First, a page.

Obamacare adviser: Administration exploited “the stupidity of the American voter”

US President Barack Obama and his signature health care legislation have come under fire in recent days over the comments of Massachusetts Institute of Technology Professor Jonathan Gruber, a key adviser to the president on the Affordable Care Act (ACA), better known as Obamacare.

At issue are several videos that have been widely viewed on the Internet showing Gruber discussing the ACA and speaking of the “stupidity” of the American public. What is noticeably absent from the media commentary on these video clips, however, is what they expose about the real character of the health care law.

The first video to surface is from a November 2013 health care panel at the University of Pennsylvania at which Gruber states: “If you had a law that… makes explicit that healthy people are going to pay in and sick people get money, it would not have passed… Lack of transparency is a huge political advantage. And, basically, call it the stupidity of the American voter, or whatever, but basically that was really critical to getting the thing to pass.”

If we can be allowed to translate, Gruber is basically saying: “Under the ACA, people are required by law to purchase health care coverage from insurance companies. In order for these private insurers to make a profit, a sufficient number of healthy people need to sign up for coverage to make it profitable for the insurers. In order to get the bill passed, we needed to obscure this reality from the public.”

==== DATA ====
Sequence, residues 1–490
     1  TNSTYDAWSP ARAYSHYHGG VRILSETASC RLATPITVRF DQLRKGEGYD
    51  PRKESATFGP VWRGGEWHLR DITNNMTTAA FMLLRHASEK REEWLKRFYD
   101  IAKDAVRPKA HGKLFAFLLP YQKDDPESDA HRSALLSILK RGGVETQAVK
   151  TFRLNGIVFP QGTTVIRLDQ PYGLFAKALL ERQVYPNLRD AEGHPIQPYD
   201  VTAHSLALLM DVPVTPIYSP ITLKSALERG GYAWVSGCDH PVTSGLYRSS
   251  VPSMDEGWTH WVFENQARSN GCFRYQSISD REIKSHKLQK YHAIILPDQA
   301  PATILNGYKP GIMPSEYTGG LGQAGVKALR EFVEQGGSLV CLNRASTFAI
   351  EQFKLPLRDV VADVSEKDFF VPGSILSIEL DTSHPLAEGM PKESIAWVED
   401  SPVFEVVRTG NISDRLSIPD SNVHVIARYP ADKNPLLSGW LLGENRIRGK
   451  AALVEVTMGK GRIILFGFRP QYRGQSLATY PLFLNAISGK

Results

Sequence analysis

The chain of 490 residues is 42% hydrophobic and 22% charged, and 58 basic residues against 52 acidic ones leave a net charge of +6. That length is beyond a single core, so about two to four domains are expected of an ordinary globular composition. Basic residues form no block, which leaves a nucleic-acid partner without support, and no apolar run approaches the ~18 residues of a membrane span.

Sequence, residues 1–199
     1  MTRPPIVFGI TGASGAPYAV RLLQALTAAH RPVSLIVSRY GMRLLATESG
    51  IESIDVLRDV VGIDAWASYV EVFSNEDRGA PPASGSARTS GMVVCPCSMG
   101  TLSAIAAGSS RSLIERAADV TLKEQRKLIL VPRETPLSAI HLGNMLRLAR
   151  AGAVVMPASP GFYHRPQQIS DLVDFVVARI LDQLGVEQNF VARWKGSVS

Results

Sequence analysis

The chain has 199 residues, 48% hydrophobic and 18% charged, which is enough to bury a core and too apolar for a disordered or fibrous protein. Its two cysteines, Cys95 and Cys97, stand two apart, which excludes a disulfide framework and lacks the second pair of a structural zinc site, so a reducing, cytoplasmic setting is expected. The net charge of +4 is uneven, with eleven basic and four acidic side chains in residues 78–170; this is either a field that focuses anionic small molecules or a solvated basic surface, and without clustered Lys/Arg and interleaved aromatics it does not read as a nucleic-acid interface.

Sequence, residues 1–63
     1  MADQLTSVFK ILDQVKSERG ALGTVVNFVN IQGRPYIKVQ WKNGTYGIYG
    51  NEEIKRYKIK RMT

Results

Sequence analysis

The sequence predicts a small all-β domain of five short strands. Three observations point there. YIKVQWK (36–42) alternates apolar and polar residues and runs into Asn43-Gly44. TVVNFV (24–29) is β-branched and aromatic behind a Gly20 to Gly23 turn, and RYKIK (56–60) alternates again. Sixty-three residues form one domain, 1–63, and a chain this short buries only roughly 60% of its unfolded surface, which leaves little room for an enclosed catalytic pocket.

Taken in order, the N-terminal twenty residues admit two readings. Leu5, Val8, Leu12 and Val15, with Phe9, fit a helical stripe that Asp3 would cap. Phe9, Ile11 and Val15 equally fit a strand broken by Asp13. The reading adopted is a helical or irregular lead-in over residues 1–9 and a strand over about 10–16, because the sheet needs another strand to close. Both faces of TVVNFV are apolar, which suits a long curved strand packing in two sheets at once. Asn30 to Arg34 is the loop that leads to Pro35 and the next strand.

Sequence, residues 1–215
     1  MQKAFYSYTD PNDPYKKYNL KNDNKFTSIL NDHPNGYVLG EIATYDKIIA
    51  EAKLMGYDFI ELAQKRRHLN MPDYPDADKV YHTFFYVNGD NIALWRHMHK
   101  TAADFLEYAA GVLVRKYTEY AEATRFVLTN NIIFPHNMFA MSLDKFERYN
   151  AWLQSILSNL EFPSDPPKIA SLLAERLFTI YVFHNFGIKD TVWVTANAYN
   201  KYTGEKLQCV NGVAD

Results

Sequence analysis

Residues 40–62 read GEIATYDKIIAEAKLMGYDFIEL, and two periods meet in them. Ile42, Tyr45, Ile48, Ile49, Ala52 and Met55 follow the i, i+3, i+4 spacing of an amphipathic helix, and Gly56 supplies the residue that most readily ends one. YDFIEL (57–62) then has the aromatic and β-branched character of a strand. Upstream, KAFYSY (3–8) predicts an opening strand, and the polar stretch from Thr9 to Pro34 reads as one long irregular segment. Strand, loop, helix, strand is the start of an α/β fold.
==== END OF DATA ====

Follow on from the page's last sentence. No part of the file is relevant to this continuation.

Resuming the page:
As for the “stupidity of the American voter” comment, it should be pointed out that Obamacare was not subject to a popular vote. Any confusion in the general population over its provisions was due to a carefully orchestrated propaganda campaign by the Obama administration and sections of what passes for the “liberal” media, such as the New York Times, to paint the legislation as a groundbreaking reform that would provide near-universal, quality and affordable medical care for millions of Americans and improve the present dismal state of the US health care system.

The president has attempted to distance himself from Gruber’s comments because he is well aware that they reveal inconvenient truths about the ACA. Referring to Gruber at a press conference in Brisbane, Australia on Sunday, Obama said, “The fact that an adviser who was never on our staff expressed an opinion that I completely disagree with in terms of the voters is not a reflection on the actual process that was run.”

Gruber may never have been technically on Obama’s staff, but the MIT professor of economics was hired by the White House in 2009 and paid close to $400,000 as a technical consultant on health care policy. He was sought out for his “proprietary statistically sophisticated micro-simulation model,” which could “ascertain the distribution of changes in health care spending and public and private health care costs,” according the Department of Health and Human Services.